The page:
cory6188 From United States of America, joined Feb 2004, 2686 posts, RR: 6 Posted (3 years 2 months 2 days 22 hours ago) and read 1669 times:
I flew EWR-ANU-EWR this past week on CO for a week's vacation in Antigua. EWR-ANU was fine, standard CO, immigration took nearly an hour in ANU, but that's par for the course in Caribbean islands, it seems.
However, the return was literally chaos. Check-in, emigration, security were all fine, but everyone got dumped into a large waiting area with seats all over the place and stores around the exterior, and there was one massive, well, scrum when it came to boarding. There were no airline podiums anywhere in the waiting area, so I have no idea what pax would've done if they had any questions or needed anything. When they called for boarding, everyone had to line up through a souvenir shop that funneled into one large entrance to an area where they were frisked and their bags were searched. There was literally no organization between which lines were for what flights (and there were three boarding at the same time -- AA to MIA, DL to ATL, and CO to EWR), and we basically got dumped into this large room where there were a few podiums lined up for the different airlines and a zillion agents pointing people where to go to get their boarding pass scanned and then walk out on the tarmac to their plane.
The boarding area seemed like a temporary facility, although I could be wrong.....could anyone offer any insight as to what's going on at ANU? It was literally insane when the three flights were trying to board at the same time.
Caymanair From Cayman Islands, joined Apr 2004, 856 posts, RR: 0 Reply 1, posted (3 years 2 months 2 days 3 hours ago) and read 1189 times:
I'm not sure how much this helps, but I'll give it a shot!
In terms of immigration, an hour or so is standard in most cities with some exceptions (MIami, for example, block 2 hours minimum for immigration, or most of the EU where immigration is almost non-existent if you carry the right passport). The couple times I've been to Antigua I wasn't in there for more than 1/2 hour, so it may have just been a busy arrivals time or perhaps the officers just came back from lunch!
The boarding area isn't a temporary facility... what you describes is exactly how it was designed. I do know they have been discussing upgrading the airport, as it is on the most important hubs in the Caribbean, but I don't know what progress has been made on that front.
UA777222 From United States of America, joined Dec 2003, 3348 posts, RR: 13 Reply 2, posted (3 years 2 months 2 days 3 hours ago) and read 1170 times:
Sidebar on the immigration times--Watched my parents 744 from HKG land this morning at SFO while eating a doughnut (1 of 4) but the 4th one (I just worked a graveyard and I'm in college so that many doughnuts is par) they called and said they were out of customs and on the sidewalk. There were 4 prior Asian arrivals that morning as well.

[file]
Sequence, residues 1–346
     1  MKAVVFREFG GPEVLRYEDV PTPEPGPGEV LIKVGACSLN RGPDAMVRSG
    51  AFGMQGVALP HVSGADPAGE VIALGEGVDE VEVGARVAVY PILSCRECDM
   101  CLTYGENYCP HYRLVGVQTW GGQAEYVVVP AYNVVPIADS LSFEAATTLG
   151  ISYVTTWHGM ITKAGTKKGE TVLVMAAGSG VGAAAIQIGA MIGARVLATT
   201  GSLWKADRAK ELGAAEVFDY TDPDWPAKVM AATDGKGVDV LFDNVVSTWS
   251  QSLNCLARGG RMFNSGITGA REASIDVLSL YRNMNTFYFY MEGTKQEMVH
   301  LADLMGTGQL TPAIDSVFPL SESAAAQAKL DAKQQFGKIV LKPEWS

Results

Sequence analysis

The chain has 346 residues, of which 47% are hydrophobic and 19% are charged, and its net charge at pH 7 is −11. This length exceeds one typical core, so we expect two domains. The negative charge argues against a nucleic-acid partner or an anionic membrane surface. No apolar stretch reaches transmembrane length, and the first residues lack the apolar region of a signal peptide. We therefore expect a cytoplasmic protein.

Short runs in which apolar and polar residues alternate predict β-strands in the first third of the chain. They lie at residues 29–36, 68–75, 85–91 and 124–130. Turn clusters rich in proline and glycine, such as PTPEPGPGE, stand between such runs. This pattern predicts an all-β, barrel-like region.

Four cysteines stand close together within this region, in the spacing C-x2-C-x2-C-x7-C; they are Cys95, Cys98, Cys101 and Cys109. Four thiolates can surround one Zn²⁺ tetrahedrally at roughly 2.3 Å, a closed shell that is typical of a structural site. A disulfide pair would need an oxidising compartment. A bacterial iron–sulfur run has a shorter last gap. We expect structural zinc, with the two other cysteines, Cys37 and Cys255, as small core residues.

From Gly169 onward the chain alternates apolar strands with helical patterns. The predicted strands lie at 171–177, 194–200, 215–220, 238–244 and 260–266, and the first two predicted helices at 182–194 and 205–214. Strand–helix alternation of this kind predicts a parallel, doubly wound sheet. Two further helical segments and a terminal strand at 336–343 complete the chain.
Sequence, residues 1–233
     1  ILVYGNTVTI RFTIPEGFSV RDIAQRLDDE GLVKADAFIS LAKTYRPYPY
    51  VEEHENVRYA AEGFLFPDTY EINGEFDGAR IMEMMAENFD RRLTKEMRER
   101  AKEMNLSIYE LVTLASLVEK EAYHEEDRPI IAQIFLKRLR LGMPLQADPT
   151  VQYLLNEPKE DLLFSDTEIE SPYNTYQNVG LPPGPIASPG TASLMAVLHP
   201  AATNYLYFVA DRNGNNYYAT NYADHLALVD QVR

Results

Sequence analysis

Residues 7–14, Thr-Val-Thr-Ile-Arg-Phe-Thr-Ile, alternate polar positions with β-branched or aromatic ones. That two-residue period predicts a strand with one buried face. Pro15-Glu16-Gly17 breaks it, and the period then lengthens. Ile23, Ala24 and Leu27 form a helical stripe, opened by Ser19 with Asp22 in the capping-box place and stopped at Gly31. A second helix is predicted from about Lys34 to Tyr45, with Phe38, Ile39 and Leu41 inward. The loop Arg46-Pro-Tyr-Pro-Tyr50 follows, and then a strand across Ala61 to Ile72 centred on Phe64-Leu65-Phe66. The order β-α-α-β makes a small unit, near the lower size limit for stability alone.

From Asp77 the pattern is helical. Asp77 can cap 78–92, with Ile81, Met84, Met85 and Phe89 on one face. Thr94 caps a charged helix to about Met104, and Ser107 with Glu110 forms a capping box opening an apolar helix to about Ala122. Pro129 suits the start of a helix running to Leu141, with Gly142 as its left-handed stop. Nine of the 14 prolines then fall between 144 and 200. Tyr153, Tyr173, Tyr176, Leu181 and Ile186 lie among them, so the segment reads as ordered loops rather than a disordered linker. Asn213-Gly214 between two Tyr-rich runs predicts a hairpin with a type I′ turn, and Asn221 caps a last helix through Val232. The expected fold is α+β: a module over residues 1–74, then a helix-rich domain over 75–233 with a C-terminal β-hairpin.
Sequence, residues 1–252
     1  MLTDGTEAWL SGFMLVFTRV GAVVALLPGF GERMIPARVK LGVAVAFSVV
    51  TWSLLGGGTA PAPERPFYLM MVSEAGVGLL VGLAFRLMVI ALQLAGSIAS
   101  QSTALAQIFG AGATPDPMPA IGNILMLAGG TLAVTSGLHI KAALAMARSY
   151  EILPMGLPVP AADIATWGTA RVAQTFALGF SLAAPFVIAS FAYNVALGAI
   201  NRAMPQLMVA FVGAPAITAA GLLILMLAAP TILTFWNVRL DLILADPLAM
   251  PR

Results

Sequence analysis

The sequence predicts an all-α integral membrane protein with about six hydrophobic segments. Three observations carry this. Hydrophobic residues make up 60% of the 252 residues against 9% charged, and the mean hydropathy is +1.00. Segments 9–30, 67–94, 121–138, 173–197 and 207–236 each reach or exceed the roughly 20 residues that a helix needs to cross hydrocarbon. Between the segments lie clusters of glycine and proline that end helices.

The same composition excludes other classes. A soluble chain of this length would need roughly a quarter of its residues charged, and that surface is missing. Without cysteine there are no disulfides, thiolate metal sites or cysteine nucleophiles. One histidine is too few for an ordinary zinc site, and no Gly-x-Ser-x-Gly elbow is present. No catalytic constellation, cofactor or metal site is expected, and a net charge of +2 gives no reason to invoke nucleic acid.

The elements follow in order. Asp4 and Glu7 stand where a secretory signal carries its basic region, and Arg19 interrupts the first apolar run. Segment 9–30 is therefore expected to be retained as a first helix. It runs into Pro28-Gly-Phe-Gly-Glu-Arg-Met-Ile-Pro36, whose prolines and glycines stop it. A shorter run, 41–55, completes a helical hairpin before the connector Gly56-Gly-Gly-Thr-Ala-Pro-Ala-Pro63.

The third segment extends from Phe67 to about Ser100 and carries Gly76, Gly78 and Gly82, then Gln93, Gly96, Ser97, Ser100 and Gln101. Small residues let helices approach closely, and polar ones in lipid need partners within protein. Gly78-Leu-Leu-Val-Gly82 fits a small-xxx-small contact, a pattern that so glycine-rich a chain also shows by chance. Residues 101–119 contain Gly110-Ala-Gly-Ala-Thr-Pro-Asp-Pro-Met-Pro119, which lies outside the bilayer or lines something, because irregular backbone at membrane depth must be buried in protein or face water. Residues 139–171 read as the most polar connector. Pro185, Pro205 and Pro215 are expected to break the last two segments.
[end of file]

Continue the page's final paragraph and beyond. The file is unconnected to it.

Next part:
I've waited longer for people on domestic flights.
The time before about a year ago it was also something like 5 minutes. I'm off to SXM next week so we'll see how that goes.
LimaFoxTango From Antigua and Barbuda, joined Jun 2004, 693 posts, RR: 0 Reply 3, posted (3 years 2 months 2 days ago) and read 952 times:
Unfortunately, I have to agree with corey6168. It all started a few months ago. The story goes that a group of individuals approached the ABAA (Antigua & Barbuda Airport Authority) about putting a new shop in the departure hall. There was no space whatsoever to put anything there and the proposal was reportedly rejected. These individuals with deep pockets, or so it seems, came with a plan B. To take approximately 300-500sq ft of the original departure hall to create their shop, and build a new 300-500sq ft area attached to the existing building. Well, the ABAA being cash strapped and looking for development at the airport, signed off on plan B. This all seemed fine on paper, but it was a complete disaster when the sections were re-opened. Believe it or not, all passengers now have to pass thru this new souvenir shop on their way to the departure "gates", file down walkway not wider than about 4 feet to their way to boarding desks. So imagine a day where there's CO, AA, BA, VS, DL, AC, C6 and of course LI trying to board flights around the same time. It is an unimaginable mess that was created. So, embarrassed by the situation, the CEO of the ABAA actually resigned because of it. Airlines now have to "make-do" with this situation until it's rectified, and I must say, they are handling it fairly well.
You are said to be a good pilot when your take-off's equal your landings.
cory6188 From United States of America, joined Feb 2004, 2686 posts, RR: 6 Reply 4, posted (3 years 2 months 1 day 23 hours ago) and read 855 times:
Thanks, LimaFoxTango! A.net certainly never fails to amaze me with how somebody on here is bound to know about everything in the aviation world. You basically described my exact thoughts on the subject....an unimaginable mess is a pretty accurate description. And I do agree, I do have to give the airlines credit, as they did have a ton of agents all over making sure that pax were going in the right direction. I must've had my boarding pass checked at least 5 separate times to make sure that I was headed to the right place while boarding the plane.